Dr. S. Lewis Johnson expounds the Apostle Paul's emphasis on Christ Jesus' work alone in producing justification for sinners.
[Message] We are turning in our Scripture reading this morning to Romans chapter 3, verse 27 through verse 31 and continuing our exposition of this, that many feel is the greatest of Paul’s epistles. Romans chapter 3, verse 27 through verse 31. The apostle in the preceding context has just given us the fundamental normative passage on the doctrine of justification by faith. He has pointed out that, by virtue of the saving work of Jesus Christ, God has become just in that sin has been punished. And the justifier in that irrational rapport in that a biblical basis for the imputation of righteousness has been obtained, the justifier of him who believeth in Jesus.
Now, it is natural that one think about the implications of this great teaching, and that is that to which the apostle comes now. He asks,
“Where is boasting then? It is excluded. By what law? Of works? Nay: but by the law of faith. Therefore we conclude that a man is justified by faith apart from the works of the law. (Luther, in his translation added one word: alone. Therefore, we concluded that a man is justified by faith alone, apart from the deeds of the law. It is not found in the original text, that word alone. We will say something about it in the exposition that follows in a few moments.) Is he the God of the Jews only? Is he not also of the Gentiles? Yes, of the Gentiles also: Seeing it is one God, who shall justify the circumcision by faith, and the uncircumcision through faith. (This is Paul’s comment on some of the controversy that has arisen recently over the question, ‘Does God hear the prayer of Jewish people?’ And finally verse 31, the third of the apostle’s consequences of justification by faith,) Do we then make void the law through faith? God forbid: yea, we establish the law.”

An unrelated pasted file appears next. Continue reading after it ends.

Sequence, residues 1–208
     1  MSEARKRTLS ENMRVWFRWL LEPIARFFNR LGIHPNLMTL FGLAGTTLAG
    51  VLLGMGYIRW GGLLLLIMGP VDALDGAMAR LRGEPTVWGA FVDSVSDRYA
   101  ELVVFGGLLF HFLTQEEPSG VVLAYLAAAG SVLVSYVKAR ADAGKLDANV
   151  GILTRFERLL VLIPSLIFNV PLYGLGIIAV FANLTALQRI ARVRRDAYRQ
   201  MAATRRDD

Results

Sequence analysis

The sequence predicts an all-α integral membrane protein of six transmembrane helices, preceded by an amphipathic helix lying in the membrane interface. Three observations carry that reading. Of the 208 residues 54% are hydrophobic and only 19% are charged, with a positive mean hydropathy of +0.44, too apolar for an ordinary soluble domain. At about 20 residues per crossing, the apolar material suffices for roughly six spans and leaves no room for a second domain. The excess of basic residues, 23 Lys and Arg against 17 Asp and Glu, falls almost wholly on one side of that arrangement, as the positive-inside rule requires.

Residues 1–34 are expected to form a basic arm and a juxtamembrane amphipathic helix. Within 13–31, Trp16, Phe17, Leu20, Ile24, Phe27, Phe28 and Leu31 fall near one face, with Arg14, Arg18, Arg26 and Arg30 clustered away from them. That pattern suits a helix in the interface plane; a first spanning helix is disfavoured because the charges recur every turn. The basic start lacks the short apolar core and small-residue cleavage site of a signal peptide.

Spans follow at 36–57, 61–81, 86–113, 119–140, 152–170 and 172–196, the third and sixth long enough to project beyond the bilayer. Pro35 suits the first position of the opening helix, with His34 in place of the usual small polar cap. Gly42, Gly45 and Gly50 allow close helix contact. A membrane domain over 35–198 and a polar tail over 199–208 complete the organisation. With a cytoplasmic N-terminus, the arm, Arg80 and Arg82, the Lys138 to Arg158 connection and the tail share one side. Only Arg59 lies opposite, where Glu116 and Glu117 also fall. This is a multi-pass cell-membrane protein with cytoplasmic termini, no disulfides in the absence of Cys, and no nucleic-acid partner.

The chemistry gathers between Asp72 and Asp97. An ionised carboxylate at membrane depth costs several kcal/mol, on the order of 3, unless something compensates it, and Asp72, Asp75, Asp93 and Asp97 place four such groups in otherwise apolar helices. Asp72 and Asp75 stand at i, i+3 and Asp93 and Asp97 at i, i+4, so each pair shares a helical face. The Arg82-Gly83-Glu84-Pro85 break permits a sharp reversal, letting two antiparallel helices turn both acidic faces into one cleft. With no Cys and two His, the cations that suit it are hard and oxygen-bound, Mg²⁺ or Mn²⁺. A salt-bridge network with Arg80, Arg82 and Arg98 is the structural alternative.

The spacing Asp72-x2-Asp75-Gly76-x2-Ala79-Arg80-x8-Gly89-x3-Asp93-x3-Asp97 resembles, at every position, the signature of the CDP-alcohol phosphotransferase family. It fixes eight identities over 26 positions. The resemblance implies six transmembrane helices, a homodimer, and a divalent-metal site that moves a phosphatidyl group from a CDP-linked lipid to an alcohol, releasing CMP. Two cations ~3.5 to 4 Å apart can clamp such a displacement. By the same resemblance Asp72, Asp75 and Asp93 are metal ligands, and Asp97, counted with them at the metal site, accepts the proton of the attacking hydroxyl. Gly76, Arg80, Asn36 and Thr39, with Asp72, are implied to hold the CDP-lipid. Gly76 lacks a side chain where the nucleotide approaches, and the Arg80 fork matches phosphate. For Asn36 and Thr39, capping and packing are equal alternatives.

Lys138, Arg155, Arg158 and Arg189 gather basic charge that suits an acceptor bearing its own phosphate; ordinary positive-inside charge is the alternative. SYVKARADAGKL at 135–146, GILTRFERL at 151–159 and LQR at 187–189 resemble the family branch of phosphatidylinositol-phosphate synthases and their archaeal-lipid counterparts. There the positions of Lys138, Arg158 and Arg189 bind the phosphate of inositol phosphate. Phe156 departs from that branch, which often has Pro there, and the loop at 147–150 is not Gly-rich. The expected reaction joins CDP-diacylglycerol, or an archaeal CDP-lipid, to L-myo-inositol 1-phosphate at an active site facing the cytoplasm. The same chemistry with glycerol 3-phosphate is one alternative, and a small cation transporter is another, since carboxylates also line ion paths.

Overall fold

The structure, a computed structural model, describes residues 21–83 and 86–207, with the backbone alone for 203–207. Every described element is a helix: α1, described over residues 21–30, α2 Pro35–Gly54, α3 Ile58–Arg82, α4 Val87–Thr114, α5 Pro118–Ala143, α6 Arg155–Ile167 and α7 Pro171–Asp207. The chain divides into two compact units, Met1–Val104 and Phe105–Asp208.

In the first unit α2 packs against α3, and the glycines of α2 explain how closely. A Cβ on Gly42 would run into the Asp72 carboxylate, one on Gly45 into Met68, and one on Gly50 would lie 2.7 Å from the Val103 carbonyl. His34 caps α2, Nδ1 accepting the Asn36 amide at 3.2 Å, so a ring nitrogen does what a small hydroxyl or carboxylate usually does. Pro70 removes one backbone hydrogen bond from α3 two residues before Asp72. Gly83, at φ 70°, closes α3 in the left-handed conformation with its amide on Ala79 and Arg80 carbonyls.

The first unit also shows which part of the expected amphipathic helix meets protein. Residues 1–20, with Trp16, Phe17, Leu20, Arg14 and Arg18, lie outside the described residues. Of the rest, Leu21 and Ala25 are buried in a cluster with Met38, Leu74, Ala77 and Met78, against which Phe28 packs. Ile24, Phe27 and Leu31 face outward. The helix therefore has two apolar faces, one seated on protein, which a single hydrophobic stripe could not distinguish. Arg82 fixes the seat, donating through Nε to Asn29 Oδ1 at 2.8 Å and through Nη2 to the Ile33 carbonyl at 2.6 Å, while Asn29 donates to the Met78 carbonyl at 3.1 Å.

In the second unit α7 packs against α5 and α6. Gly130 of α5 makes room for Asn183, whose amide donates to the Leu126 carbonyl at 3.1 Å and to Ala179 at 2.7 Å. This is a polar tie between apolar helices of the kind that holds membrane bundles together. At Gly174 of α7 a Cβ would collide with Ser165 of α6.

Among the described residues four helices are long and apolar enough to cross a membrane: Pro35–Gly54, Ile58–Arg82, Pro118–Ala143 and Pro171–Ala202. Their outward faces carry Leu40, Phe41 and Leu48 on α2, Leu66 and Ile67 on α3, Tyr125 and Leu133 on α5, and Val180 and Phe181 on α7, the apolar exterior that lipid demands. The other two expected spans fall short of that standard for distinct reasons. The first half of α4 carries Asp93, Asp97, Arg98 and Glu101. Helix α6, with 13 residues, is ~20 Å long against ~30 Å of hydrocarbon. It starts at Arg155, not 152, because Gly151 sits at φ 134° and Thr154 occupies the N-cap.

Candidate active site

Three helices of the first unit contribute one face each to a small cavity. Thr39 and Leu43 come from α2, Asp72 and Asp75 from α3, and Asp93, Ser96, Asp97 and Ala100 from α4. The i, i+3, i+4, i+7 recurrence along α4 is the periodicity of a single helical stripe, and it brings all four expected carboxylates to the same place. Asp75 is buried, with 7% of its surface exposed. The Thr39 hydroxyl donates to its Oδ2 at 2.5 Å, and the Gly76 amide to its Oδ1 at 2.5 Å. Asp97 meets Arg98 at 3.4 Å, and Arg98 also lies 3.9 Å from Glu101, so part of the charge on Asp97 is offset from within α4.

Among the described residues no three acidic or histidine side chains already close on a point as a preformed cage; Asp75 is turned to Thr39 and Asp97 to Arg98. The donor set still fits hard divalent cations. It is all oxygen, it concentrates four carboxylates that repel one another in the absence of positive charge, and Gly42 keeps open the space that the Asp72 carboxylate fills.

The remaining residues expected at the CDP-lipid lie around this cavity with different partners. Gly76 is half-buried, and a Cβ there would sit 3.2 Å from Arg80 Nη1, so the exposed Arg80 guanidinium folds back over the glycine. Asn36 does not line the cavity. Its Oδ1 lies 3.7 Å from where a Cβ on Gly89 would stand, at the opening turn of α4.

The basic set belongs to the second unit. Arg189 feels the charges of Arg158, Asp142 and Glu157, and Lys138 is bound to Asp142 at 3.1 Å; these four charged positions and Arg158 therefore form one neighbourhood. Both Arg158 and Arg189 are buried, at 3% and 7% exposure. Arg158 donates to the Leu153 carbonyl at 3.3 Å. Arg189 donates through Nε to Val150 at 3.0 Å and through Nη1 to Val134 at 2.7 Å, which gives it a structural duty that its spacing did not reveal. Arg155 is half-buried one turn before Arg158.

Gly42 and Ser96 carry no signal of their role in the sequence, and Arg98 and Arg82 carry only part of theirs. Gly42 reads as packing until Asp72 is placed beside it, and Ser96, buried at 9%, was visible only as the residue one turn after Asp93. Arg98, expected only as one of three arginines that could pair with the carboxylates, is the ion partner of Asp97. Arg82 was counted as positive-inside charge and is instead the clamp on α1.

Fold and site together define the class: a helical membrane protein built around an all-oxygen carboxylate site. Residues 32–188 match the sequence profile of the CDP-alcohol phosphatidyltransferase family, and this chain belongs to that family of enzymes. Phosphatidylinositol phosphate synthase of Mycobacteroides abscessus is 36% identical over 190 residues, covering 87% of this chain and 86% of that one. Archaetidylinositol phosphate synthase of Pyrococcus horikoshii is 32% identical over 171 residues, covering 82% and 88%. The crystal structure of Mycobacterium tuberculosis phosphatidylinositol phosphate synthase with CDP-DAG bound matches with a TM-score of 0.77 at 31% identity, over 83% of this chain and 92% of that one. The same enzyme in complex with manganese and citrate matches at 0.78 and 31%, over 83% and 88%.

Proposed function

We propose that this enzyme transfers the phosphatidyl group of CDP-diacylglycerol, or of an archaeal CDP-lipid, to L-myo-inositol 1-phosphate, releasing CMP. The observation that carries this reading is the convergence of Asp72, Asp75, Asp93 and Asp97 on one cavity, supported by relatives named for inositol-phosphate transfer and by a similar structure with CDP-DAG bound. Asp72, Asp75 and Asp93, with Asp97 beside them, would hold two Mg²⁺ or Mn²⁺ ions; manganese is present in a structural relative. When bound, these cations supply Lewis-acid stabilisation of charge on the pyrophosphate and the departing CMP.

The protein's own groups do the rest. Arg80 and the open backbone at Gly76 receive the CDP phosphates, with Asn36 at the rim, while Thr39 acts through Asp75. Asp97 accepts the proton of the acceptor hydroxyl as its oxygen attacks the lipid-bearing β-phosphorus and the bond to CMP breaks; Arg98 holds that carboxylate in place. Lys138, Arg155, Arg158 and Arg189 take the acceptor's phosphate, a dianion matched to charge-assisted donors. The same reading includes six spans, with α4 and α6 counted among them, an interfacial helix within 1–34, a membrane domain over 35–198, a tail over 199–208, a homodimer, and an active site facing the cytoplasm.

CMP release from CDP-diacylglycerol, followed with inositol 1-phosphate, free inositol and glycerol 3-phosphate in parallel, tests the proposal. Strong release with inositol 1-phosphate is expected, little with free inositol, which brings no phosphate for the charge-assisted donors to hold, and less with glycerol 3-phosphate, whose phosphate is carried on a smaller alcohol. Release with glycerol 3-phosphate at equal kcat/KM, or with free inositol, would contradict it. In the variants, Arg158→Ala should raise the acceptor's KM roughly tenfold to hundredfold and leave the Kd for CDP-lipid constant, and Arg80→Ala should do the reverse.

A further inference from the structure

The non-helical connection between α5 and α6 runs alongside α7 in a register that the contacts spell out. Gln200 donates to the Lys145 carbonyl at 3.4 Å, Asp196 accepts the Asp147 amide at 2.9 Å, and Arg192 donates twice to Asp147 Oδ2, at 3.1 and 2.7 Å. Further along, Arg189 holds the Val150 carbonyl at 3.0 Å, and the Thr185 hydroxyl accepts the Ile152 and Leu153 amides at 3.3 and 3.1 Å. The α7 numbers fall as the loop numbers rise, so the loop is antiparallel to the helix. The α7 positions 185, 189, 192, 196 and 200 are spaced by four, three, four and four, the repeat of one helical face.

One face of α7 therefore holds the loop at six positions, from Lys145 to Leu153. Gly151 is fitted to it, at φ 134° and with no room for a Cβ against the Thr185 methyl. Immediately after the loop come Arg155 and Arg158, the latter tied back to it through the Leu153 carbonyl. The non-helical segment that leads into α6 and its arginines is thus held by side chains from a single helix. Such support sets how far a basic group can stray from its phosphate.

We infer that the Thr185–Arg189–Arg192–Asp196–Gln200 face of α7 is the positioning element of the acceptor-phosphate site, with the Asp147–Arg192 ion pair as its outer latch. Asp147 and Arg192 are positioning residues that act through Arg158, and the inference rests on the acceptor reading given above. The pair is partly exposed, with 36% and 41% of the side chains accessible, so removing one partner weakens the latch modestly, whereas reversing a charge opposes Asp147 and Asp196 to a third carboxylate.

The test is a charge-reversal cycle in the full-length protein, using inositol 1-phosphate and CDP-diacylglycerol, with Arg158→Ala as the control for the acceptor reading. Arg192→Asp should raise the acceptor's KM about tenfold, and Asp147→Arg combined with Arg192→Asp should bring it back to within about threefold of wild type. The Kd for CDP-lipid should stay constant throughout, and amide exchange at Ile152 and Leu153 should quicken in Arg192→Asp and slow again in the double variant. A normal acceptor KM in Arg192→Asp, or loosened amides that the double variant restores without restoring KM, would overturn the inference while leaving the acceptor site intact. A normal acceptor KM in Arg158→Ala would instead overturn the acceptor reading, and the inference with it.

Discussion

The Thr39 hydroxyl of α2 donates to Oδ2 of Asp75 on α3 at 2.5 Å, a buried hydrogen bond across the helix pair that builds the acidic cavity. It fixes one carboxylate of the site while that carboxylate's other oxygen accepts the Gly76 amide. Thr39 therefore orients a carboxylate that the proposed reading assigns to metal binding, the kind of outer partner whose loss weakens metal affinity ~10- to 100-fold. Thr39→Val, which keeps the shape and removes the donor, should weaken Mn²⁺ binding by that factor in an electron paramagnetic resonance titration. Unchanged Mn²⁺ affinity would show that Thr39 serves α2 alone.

And the apostle means, I shall try to argue, by putting law in its rightful place. May the Lord bless this reading of his word.
[Prayer removed from audio]
[Message] Our study in the Epistle to the Romans is “Boasting Excluded, Distinctions Rejected, The Law Established.” In our last study on Romans chapter 3, verse 21 through verse 26, which is the sedes doctrinae, or the seat of the doctrine of justification by faith. We laid stress upon the fact that a man is declared righteous through the merits of the Lord Jesus Christ accomplished by his atoning work on the cross which becomes ours through the instrumentality of faith. This is the normative passage on that great doctrine of justification by faith. So, obviously it’s an important biblical passage. Martin Lloyd-Jones, a very elderly preacher of the word of God now, but recognized for over a number of years as the outstanding evangelical preacher in Great Britain, has said when he thinks of this passage, he thinks of it as the most important and crucial passage in the whole of Scripture. And if we were to think about the most important or crucial passage in the whole of Scripture, this one we would have to include.